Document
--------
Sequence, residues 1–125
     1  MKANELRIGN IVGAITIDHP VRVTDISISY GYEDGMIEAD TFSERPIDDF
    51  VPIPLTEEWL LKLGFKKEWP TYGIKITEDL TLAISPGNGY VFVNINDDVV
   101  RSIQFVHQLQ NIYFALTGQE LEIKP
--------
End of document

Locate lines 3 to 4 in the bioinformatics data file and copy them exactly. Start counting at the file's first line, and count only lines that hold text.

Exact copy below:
    51  VPIPLTEEWL LKLGFKKEWP TYGIKITEDL TLAISPGNGY VFVNINDDVV
   101  RSIQFVHQLQ NIYFALTGQE LEIKP